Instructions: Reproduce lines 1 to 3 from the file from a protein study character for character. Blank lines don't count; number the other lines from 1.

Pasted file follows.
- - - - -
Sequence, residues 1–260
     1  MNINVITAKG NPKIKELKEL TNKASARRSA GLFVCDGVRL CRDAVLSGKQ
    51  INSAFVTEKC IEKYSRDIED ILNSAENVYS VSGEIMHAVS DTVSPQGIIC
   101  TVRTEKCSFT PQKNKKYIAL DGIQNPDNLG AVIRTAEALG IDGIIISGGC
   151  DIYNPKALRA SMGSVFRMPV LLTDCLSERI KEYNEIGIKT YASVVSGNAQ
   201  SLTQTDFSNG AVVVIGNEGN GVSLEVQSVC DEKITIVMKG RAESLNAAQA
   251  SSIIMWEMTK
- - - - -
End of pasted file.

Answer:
Sequence, residues 1–260
     1  MNINVITAKG NPKIKELKEL TNKASARRSA GLFVCDGVRL CRDAVLSGKQ
    51  INSAFVTEKC IEKYSRDIED ILNSAENVYS VSGEIMHAVS DTVSPQGIIC